The lazy suburbs of London are disrupted by the unforeseen arrival of an extraterrestrial cylinder containing a live creature from Mars. The object attracts a large amount of attention from the inhabitants of the neighbouring streets, including a resident scientist, who observed the fall of the object from his observatory. The story follows the journey of this scientist, our protagonist, as he witnesses the appearance of the alien, the destruction of his fellow onlookers by an enormous heat-ray, and the gradual destruction of the city of London. As reinforcements from Mars arrive and a great extermination of the population of England begins, the characters in the book struggle to survive against the relentlessness of these killing machines.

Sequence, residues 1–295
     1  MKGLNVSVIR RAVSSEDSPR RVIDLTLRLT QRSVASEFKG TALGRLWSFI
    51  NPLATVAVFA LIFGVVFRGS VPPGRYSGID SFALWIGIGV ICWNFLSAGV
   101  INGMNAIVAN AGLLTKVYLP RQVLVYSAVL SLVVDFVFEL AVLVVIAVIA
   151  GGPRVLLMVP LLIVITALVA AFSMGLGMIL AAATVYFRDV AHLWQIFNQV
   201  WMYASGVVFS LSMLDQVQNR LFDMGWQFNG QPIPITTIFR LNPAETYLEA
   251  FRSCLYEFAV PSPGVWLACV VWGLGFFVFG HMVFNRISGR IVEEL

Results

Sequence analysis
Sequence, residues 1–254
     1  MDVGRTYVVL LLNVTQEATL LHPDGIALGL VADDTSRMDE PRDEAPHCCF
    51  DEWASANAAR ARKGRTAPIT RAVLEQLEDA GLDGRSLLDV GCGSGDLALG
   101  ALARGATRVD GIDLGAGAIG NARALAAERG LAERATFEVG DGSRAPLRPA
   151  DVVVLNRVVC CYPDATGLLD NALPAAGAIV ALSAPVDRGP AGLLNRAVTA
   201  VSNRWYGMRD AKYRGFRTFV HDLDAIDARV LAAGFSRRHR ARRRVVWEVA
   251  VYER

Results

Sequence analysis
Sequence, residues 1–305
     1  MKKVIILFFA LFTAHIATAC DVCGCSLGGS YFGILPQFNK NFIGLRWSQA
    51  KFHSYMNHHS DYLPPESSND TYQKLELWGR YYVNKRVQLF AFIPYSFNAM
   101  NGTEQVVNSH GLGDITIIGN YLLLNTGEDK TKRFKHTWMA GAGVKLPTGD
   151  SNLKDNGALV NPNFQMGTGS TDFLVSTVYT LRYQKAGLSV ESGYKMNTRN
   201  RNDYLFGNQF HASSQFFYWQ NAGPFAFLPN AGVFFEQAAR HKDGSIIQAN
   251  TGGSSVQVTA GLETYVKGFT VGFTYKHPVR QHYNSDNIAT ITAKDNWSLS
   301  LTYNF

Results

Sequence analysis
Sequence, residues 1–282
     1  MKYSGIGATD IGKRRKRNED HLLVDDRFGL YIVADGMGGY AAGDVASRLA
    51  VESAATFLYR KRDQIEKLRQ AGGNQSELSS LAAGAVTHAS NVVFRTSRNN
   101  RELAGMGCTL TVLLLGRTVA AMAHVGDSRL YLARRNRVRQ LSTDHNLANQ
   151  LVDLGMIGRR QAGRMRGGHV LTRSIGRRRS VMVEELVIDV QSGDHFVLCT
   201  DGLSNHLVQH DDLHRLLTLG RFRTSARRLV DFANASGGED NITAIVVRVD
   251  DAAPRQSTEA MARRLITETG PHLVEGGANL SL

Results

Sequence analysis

The War of the Worlds is certainly a gripping, page-turning novel. It is short, compact and thrilling, yet at the same time extremely well written. I enjoyed the style of the writing; slightly in the fashion of a journalist or reporter, the narrator focuses on the events, rather than his emotions, allowing the reader to create their own response. There is a boldness to Wells’ writing, backed up by his extensive knowledge of science (he was the apprentice of the renowned biologist Thomas Huxley), which makes the plot seem almost believable. This is, however, dampened a little by the cheerful tone of the novel, which, although seemingly morbid, is simply a reflection on Wells’ opinions about society at the time. He used the destruction of London to hint at his dislike for Capitalism, perhaps symbolising his belief that the structure of English society in the 1890s was destined to collapse. This would certainly explain the relish with which he eradicates the political structure and social politeness of England, through the device of the aliens. Perhaps the most curious thing about the novel is the fact that H.G Wells himself never takes sides. Though we automatically feel sympathy for the narrator and animosity towards the aliens, there is not a moment in the novel where Wells speaks of the injustice of the situation; neither does he portray the Martians as doing anything morally wrong. He encourages us to look on the events of the novel in a non-biased, impartial manner, allowing him to hint at mankind’s insignificance, and at the ruthlessness of natural selection. The underlying messages beneath the action of the novel are what makes H.G Wells’ work so readable; the book is so easy to absorb because of the simplicity of the storyline, but it is the way that he conveys his views in such a subtle, delicate way which makes it a great piece of literature.